By Andy Cuerel
“Stock prices have reached what looks like a permanently high plateau”
Economist Irving Fisher in October 1929, three days before the stock market crash that triggered the Great Depression
“Y2K is a crisis without precedent in human history”
Byte magazine editor Edmund DeJesus -1998
“We can close the book on infectious diseases”
Surgeon General of the United States William H. Stewart, speaking to the U.S. Congress in 1969
With the recent publication of the 2013 National Risk Register stating that Pandemic Influenza is still the most significant civil emergency risk in current times, I thought I would look at some of the issues associated with predicting the next big thing, and the balancing act between ensuring people are prepared but do not become desensitised to important warning signs.
Much to the chagrin of their providers, incorrect predictions can linger long after their impact has ceased to be relevant, occasionally becoming a person’s defining moment (“Read my lips…no new taxes“ – George Bush Senior, when accepting the Republican presidential nomination in 1988 – only to raise taxes two years later).
Putting aside the potential for personal humiliation, there are often common themes in these utterances – more specifically a well-intentioned denial of risk or, in the case of the Y2K prediction, an overstated one.
In the pursuit of my own legacy, I will add the following:
“The likelihood of an avian flu virus mutating sufficiently to cause a global human pandemic in the foreseeable future is negligible”
This statement may be sound, in much the same way as the statistical likelihood of the Titanic sinking on its maiden voyage wasn’t a great cause for concern. Unfortunately, it also smacks the curse of many low-frequency, high impact events in that it breeds complacency – “It’ll never happen to us….or will it?!”
Unfortunately, avian-borne influenza has some other facets to add to its unpredictability, at least from the risk and continuity manager’s point of view.
New sub-types of Influenza Type A are periodically identified, the most recent of which have been H7N9 and, before that, H5N1 in 2007-9. The newsworthy factor in these developments is always, sadly, reports of fatality and serious illness – often amongst Asian poultry farmers and others with direct contact to sick/dead birds. Confirmation of human-to-human transmission is often unclear and prone to media hysteria – “it’s coming for YOU!!”
This is against a backdrop of many experts who assert that global influenza epidemics are recurrent over decades and centuries, and that we are well overdue a ‘biggie’. Oh, and an extra little twist in the form of evolving sub-type strains, which renders vaccines quickly out of date, hence making control measure effectiveness and the impacts arising very difficult to predict.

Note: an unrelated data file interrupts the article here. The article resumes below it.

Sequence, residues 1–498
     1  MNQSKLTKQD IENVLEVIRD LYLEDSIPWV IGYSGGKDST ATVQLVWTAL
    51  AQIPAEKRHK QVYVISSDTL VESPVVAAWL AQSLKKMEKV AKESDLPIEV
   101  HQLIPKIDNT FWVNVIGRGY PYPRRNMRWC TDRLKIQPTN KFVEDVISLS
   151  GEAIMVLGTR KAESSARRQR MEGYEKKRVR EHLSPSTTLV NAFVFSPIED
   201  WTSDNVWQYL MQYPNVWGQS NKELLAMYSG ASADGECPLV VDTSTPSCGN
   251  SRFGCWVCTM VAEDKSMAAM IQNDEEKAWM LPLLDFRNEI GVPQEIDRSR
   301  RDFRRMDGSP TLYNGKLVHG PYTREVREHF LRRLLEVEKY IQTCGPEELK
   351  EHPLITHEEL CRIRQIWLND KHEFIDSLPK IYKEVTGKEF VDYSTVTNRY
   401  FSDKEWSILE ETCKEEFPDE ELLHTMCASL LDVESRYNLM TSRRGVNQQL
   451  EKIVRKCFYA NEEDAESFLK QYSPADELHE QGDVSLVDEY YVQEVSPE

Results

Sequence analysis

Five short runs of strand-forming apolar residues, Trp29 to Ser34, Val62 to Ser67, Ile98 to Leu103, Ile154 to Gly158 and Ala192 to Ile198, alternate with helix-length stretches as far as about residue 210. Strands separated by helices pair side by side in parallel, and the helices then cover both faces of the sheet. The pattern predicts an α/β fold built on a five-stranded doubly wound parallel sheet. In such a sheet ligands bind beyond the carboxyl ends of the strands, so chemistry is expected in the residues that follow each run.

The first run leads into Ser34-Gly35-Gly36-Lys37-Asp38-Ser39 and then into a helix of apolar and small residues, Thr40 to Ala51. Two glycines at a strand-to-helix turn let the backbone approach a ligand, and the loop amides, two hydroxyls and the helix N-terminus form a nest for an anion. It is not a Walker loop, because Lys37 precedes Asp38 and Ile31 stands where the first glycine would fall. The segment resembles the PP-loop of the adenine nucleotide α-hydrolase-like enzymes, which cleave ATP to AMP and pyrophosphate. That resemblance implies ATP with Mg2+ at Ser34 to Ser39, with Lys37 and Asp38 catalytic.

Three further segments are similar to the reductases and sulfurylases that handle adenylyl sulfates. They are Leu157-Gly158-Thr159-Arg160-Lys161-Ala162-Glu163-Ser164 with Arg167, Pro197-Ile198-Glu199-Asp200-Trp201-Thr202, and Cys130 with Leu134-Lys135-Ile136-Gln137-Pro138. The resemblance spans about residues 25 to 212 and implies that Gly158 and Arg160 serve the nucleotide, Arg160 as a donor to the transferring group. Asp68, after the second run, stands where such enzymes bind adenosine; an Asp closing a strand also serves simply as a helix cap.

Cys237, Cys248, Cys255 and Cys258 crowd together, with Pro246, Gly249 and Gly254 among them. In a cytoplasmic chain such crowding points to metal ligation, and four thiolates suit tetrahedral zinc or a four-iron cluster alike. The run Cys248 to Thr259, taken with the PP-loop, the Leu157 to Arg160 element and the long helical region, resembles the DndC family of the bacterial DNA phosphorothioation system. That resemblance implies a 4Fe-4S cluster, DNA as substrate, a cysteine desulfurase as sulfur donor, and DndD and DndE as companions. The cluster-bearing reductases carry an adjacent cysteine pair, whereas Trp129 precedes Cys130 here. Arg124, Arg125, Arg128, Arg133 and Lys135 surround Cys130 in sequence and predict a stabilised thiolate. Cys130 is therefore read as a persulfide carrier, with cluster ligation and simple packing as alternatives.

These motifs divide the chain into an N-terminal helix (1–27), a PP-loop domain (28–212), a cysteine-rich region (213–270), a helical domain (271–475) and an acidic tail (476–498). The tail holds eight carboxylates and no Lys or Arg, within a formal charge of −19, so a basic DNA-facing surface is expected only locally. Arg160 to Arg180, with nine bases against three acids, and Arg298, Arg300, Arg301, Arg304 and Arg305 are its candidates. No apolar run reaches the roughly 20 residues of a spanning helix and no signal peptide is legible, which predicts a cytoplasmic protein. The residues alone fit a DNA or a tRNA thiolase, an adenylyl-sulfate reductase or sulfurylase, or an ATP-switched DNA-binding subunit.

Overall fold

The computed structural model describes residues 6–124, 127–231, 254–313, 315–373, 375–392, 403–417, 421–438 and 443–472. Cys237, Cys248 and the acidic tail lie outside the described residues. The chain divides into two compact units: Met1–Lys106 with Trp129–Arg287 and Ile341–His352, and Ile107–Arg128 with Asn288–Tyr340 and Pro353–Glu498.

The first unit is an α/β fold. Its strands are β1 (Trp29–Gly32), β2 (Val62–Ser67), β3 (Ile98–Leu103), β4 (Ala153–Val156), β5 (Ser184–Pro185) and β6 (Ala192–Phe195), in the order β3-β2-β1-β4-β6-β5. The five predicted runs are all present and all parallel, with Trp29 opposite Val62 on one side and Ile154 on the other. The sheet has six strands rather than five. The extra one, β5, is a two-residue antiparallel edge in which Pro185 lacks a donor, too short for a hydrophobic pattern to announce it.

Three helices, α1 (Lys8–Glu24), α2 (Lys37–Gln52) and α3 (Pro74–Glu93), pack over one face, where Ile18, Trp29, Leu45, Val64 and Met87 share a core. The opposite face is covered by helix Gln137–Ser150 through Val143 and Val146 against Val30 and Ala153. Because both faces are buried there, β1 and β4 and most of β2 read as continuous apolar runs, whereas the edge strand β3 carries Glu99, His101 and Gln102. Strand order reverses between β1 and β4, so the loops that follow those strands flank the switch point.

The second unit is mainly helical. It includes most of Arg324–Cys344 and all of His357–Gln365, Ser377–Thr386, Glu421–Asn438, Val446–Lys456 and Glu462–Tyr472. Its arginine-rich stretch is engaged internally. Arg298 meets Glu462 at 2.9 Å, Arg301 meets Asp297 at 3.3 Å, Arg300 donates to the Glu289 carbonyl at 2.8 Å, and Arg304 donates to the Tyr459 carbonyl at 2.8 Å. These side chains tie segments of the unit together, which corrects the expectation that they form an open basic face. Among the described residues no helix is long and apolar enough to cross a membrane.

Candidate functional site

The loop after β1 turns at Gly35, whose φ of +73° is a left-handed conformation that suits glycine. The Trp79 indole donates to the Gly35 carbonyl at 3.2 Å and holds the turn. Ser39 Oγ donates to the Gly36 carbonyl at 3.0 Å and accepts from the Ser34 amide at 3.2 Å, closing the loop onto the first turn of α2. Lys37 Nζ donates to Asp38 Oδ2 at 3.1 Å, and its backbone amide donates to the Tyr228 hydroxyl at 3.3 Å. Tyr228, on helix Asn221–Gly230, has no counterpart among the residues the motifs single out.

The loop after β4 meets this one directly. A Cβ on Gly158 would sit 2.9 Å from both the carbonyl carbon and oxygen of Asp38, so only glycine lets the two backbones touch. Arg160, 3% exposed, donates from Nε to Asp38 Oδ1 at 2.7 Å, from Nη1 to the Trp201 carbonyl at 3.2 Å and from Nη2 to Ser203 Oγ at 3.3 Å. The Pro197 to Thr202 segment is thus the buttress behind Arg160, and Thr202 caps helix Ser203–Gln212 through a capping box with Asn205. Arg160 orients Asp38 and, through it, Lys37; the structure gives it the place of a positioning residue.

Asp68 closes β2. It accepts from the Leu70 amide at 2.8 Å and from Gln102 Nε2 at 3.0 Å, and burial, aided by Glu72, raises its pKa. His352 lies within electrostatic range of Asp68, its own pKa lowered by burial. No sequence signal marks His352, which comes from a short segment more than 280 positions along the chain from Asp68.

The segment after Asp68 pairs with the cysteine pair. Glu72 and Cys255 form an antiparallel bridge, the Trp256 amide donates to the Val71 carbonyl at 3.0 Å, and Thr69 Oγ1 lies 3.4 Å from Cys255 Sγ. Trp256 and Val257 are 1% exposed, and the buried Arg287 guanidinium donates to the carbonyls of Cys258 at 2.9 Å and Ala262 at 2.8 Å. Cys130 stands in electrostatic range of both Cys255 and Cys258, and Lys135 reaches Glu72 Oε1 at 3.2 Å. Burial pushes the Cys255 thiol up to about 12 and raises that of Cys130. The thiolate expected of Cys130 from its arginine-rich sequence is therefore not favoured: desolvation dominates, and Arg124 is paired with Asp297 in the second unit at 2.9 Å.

The combination of these factors makes the timing and details of planning very difficult to gauge, particularly when there are significant human factors which you wouldn’t have, for example, in IT disaster recovery. The need for organisations to be seen to be doing something for their employees is a powerful driver, but how much to invest against a risk, which seems to rear up and then subside time and again with limited global impact, is a challenge.
One solution to being prepared for all risks – even those that may turn out to not be so risky – is to adopt a best practice principle of continuity planning, and to not make it scenario-specific. There are a number of related risks, which can fall into the same category as illness epidemics, at least in terms of business impact. Some examples are:
- Loss of a key goods/service supplier
- Medium term denial of access to premises e.g. resulting from a neighbour’s misfortune – fire, explosion = cordon zone etc.
- Industrial action
No one is suggesting that preparatory actions for an illness epidemic mirror those in the list above exactly – an organisation whose employees travel regularly to rural Vietnam for instance, will clearly need bespoke risk controls as an ongoing activity. Nonetheless, there is considerable cost-benefit justification in adopting common mitigations for themed risks, particularly for uber-rare events with unpredictable consequences. In the words of Admiral William D. Leahy, airing his views on the US Atomic Bomb Project to President Harry Truman in 1945, “The bomb will never go off. I speak as an expert in explosives”.